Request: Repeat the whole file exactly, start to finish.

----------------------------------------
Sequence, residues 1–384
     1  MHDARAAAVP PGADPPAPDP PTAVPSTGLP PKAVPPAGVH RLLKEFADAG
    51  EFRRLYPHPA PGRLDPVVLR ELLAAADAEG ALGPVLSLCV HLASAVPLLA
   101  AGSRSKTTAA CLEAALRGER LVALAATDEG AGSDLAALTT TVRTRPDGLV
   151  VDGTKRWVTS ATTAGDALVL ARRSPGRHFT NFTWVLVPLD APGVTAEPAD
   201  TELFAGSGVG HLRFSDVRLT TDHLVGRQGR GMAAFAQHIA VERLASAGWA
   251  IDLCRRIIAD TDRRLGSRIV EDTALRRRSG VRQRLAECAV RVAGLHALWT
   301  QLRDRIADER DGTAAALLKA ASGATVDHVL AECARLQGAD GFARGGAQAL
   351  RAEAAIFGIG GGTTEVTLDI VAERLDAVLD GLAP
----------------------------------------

Sequence, residues 1–384
     1  MHDARAAAVP PGADPPAPDP PTAVPSTGLP PKAVPPAGVH RLLKEFADAG
    51  EFRRLYPHPA PGRLDPVVLR ELLAAADAEG ALGPVLSLCV HLASAVPLLA
   101  AGSRSKTTAA CLEAALRGER LVALAATDEG AGSDLAALTT TVRTRPDGLV
   151  VDGTKRWVTS ATTAGDALVL ARRSPGRHFT NFTWVLVPLD APGVTAEPAD
   201  TELFAGSGVG HLRFSDVRLT TDHLVGRQGR GMAAFAQHIA VERLASAGWA
   251  IDLCRRIIAD TDRRLGSRIV EDTALRRRSG VRQRLAECAV RVAGLHALWT
   301  QLRDRIADER DGTAAALLKA ASGATVDHVL AECARLQGAD GFARGGAQAL
   351  RAEAAIFGIG GGTTEVTLDI VAERLDAVLD GLAP